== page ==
COVID: Why Nigeria should involve private sector in vaccination – analyst

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Reviewing the ongoing vaccination exercise, Muhammed Yusuf, a public health analyst, has urged the Federal Government to adopt a public-private partnership approach to administering COVID-19 vaccines.

Yusuf argued that bringing the private sector players on board would increase resources and capabilities to make COVID-19 vaccines accessible to all.

He believed would close the glaring execution gaps affecting the on-going pilot phase of the rollout.

Nigeria must take a cue from the United States of America. The US government is working with the private sector to coordinate the country’s COVID-19 vaccine programme,” Yusuf said.

“It is a public-private partnership open to interested corporations such that Walmart is offering drive-thru COVID-19 vaccinations to citizens. We need the same type of inclusive and expansive distribution network,” Yusuf contended.

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According to him, on-going exercise has shown that government cannot do it alone.

The private sector has to support vaccine procurement and administration in the country to save citizens and the country’s health care system from unnecessary shocks.

Improving confidence in the Federal Government-led AstraZeneca inoculation programme for COVID-19 has made long queues and breach of social distancing a permanent fixture at Primary Health Centres (PHC). Limited vaccination points per state, infrastructure inadequacy, and manual processing across most centres are the immediate cause of this aberration.

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Anambra, one of Nigeria’s most urbanised states, has only 129 vaccination points for almost five million citizens due to the Federal Government’s hold on the process.

Less than 25,000 Anambra citizens have been inoculated four weeks after the exercise kicked off. The same state coordinated and vaccinated about 5.5 million people against Yellow Fever in ten days last year.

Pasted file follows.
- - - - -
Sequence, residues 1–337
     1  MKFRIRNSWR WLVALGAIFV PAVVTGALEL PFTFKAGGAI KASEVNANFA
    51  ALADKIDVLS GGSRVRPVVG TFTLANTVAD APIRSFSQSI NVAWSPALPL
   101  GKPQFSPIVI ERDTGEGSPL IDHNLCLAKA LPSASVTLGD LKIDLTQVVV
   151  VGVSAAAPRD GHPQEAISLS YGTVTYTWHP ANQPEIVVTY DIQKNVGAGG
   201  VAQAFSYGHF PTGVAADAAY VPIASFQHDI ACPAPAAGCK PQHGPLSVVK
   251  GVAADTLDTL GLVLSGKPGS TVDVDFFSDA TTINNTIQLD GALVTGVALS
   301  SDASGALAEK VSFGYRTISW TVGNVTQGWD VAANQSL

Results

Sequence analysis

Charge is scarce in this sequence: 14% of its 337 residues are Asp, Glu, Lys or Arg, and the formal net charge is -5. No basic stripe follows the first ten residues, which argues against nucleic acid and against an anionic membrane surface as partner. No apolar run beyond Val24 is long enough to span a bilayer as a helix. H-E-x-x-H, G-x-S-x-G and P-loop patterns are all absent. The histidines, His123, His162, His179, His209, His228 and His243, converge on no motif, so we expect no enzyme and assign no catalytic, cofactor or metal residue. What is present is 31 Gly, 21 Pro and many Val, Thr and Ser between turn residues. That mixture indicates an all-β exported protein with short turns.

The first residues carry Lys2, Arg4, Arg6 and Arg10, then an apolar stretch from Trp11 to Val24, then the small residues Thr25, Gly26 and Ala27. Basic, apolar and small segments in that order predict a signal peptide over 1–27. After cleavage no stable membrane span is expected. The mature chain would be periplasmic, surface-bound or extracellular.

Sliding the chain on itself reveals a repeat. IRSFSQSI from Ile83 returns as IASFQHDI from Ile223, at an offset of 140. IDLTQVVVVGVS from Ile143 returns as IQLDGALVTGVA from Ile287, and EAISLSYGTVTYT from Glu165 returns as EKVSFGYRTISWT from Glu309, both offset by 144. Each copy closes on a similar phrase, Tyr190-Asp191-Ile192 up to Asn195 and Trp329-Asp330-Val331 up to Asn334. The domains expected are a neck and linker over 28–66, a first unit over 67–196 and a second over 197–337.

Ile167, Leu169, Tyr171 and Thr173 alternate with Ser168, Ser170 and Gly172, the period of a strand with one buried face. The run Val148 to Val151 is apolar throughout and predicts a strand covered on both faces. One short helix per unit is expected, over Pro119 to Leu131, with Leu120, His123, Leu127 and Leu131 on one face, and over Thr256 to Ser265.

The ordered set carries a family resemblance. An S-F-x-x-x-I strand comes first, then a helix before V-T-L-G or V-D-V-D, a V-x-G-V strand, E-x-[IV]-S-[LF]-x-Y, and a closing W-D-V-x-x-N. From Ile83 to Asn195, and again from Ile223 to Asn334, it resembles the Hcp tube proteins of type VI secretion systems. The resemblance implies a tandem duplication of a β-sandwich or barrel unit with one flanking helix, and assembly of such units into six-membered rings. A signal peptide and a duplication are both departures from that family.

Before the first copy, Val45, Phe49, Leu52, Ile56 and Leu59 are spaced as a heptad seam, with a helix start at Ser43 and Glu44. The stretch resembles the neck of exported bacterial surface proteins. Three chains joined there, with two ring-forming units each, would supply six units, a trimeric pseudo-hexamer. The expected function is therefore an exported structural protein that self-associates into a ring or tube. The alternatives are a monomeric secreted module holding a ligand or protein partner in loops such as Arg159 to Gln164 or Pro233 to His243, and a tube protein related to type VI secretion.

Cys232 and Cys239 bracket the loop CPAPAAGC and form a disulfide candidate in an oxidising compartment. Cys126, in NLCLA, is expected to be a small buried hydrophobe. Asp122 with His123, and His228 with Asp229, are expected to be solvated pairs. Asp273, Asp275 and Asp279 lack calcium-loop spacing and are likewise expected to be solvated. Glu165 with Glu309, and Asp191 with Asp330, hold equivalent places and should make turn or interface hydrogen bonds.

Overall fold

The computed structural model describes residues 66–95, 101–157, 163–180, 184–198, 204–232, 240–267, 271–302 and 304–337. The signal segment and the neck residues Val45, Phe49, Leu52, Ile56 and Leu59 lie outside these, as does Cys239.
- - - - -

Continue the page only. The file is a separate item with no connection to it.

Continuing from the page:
At the Akerele Primary Health Centre in Surulere, Abosede Alawaiye, said she registered for the vaccine online. She scheduled her appointment for April 1 but is yet to be vaccinated days after.

Abosede blamed it on the high concentration of Hajj-bound citizens taking undue advantage at the vaccination centre.

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Likewise, Chuka Okechukwu is not pleased with his experience while trying to get vaccinated. He described the process as slow, tortuous, and unreliable, marred by long-winding manual documentation and indefinite waiting hours.

Narrating his ordeal, Chuka said getting vaccinated against COVID-19 has become a nightmare, synonymous with procuring the National Identity Number (NIN).

He attributed the service failure and hardship faced to excluding the organised private sector that eased the country’s COVID-19 testing challenge.

Chuka believed the ongoing vaccination effort is challenged because it bypasses technology at the primary health centres’ vaccination points, making life difficult for Nigerians.

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